Sponsorship at a price?
29 November 1994
'Sponsored editorial' is blurring the boundaries between journalism and advertorial. Simon Rogers asks, does it matter?
That article on international construction work by a well-known City practice, how is it paid for? Readers might guess that the law firm had provided it free of charge to the magazine at the editor's request from a recognised expert, or that the magazine had paid the writer.
But would that reader realise the firm had paid the magazine to place the article? This practice is commonplace in the new world of 'sponsored editorial'.
The food marketing industry has been doing it for years. It is impossible to read a copy of Checkout or The Grocer without having to wade through advertorials extolling the virtues of various products.
The national press has followed suit and a recent guidance note has been produced about the issue by industry watchdog the Advertising Standards Authority (ASA).
And now the legal press has climbed aboard the gravy train. The market abounds with publications which consist wholly or in part of sponsored editorial.
Euphemisms are the currency of the new editorial emporium. 'Co-published' is a favourite, followed by magazines which have an 'editorial board'. Occasionally a publication will admit to 'sponsored editorial', but the word 'advertorial' is rare.
Big money changes hands in this topsy-turvy arena where magazines will pay a freelance journalist around u150 for a standard piece, yet firms will pay magazines over u1,000 to place an individual article.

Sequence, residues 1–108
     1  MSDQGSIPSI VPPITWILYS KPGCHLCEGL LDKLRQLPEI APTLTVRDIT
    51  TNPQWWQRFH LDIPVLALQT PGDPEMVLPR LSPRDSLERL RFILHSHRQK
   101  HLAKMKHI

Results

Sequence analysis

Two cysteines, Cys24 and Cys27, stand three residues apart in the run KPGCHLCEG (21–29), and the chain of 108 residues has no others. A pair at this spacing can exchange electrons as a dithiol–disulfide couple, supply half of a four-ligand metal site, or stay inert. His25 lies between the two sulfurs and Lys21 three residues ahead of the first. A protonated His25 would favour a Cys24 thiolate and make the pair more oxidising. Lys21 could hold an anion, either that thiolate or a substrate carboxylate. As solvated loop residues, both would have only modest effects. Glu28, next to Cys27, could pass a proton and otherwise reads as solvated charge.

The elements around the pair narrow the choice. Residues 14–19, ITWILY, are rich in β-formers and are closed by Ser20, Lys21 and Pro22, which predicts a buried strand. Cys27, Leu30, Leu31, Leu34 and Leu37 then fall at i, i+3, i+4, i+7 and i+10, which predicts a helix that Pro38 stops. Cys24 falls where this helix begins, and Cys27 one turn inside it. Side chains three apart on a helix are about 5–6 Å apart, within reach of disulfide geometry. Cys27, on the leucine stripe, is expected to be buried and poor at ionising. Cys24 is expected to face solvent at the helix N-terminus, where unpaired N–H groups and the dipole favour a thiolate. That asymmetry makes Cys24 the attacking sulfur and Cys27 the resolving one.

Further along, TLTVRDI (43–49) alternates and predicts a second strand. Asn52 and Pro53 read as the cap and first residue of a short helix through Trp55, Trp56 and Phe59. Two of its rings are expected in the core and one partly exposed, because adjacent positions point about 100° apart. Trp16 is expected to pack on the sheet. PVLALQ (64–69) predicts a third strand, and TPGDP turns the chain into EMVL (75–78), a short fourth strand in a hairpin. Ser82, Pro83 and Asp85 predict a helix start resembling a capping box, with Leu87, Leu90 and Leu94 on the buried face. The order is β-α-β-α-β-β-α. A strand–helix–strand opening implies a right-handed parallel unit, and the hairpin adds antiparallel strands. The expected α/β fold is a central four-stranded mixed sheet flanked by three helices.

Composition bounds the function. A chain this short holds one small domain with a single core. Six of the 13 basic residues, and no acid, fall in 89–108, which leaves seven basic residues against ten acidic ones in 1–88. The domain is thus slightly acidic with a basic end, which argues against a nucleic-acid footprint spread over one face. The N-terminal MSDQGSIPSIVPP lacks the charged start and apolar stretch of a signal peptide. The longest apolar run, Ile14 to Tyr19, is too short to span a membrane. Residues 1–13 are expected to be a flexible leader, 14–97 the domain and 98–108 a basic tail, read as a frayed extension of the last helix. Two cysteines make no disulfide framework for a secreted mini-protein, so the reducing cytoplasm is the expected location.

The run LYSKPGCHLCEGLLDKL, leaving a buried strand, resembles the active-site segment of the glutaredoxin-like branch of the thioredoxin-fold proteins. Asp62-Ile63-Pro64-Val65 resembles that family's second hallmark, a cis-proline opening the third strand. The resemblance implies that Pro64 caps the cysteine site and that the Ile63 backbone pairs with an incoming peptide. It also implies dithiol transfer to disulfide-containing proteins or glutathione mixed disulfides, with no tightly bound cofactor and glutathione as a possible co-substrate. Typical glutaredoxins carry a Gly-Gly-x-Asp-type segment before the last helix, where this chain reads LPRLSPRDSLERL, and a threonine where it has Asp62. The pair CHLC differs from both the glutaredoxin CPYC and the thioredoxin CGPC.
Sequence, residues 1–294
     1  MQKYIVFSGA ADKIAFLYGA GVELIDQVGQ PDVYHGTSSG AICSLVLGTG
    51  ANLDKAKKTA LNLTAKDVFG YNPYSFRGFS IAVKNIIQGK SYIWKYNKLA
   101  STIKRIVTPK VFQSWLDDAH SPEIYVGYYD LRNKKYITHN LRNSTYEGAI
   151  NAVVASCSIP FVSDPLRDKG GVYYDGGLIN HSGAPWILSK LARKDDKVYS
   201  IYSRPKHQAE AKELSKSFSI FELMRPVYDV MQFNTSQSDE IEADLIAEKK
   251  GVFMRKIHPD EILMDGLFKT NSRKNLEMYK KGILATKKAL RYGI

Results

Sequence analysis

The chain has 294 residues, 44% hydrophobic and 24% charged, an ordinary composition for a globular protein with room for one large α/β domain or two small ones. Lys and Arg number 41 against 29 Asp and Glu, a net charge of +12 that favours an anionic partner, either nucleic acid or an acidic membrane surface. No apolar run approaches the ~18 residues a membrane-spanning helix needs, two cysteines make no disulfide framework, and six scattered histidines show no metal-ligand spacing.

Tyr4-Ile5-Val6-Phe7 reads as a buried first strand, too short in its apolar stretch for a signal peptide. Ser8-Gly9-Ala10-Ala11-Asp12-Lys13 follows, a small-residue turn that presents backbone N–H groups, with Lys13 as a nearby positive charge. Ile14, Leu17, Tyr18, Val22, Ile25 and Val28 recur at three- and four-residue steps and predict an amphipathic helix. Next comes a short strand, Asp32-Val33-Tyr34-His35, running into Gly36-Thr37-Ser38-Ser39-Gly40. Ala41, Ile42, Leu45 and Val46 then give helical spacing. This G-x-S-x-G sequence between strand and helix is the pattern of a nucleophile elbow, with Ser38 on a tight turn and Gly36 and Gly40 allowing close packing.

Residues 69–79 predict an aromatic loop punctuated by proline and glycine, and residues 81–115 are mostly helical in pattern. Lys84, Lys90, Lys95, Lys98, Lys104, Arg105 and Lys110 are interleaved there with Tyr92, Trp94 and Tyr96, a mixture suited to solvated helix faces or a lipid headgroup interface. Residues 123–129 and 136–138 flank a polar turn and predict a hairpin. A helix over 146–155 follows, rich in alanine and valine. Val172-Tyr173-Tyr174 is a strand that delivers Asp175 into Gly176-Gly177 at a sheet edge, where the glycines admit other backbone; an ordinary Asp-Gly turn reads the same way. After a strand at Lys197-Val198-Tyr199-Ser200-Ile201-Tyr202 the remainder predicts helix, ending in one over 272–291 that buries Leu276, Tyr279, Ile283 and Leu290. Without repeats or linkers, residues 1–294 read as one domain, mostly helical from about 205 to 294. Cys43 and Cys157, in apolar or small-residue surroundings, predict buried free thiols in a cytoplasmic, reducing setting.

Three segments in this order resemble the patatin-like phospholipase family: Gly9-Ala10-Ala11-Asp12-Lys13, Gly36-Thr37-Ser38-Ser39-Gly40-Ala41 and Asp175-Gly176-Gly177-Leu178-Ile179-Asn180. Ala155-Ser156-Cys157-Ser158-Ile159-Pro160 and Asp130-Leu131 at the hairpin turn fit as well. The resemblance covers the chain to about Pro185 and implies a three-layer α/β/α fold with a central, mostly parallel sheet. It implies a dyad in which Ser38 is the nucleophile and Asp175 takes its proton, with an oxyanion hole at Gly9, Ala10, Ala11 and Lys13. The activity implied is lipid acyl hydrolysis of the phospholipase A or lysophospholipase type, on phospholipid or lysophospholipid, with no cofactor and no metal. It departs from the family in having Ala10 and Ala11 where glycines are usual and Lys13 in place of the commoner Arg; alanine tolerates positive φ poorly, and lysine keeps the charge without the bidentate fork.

According to one law firm marketeer, Legalese's top company magazine, In-House Lawyer, charges up to u10,000 per firm for a standard year's commitment by the practice to write 10 articles.
Articles in Euromoney's International Financial Law Review supplements are said to cost around u5,000 each, while another international magazine charges $12,000 for 'placing' a three-page article.
Legalese head John Pritchard says In House Lawyer is a response to a market which would not otherwise subscribe to magazines. "For this particular market that hasn't got library budgets, then it's a good way to do it," he says.
Pritchard's argument is over editorial quality, which he says is more important than who pays for an article. "I don't care how this is financed. What I judge a publication by is the quality of editorial," he says. He adds that In House Lawyer articles are edited by the magazine and contributors have been thrown off the editorial board and money refunded.
Pritchard's position illustrates the paradox of sponsored editorial. The firms are not writing about themselves, so why should it matter if they pay for the space to write about employment law, or changes in intellectual property law?
The rules are unclear. Alison Crawley, of the Law Society's professional ethics division, says there is not widespread concern over the practice.
"We are in deregulatory mode here and if nobody else thinks it's improper I don't see why we should regard it as improper," she says. "If it is misleading, what are you misleading people about?"
The ASA says readers should not be confused about whether writing is advertising or editorial. But open a copy of International Corporate Law and the reader may see a list of firms under the title 'editorial board' rather than 'sponsors of this magazine'. But is what they are writing advertising or simply 'product placement'?